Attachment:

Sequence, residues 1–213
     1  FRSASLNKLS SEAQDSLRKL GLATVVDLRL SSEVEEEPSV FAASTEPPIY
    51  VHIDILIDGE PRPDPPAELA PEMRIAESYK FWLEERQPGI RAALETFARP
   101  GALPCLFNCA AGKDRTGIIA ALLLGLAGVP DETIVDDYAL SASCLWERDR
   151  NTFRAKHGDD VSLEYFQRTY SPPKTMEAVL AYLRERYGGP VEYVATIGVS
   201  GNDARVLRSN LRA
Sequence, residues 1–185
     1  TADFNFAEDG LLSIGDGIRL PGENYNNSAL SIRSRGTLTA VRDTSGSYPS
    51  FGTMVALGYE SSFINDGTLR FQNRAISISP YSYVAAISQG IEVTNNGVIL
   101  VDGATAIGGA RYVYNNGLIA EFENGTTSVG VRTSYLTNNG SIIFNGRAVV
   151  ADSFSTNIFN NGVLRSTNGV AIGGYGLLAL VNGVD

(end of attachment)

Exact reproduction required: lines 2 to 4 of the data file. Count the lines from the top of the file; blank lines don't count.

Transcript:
     1  FRSASLNKLS SEAQDSLRKL GLATVVDLRL SSEVEEEPSV FAASTEPPIY
    51  VHIDILIDGE PRPDPPAELA PEMRIAESYK FWLEERQPGI RAALETFARP
   101  GALPCLFNCA AGKDRTGIIA ALLLGLAGVP DETIVDDYAL SASCLWERDR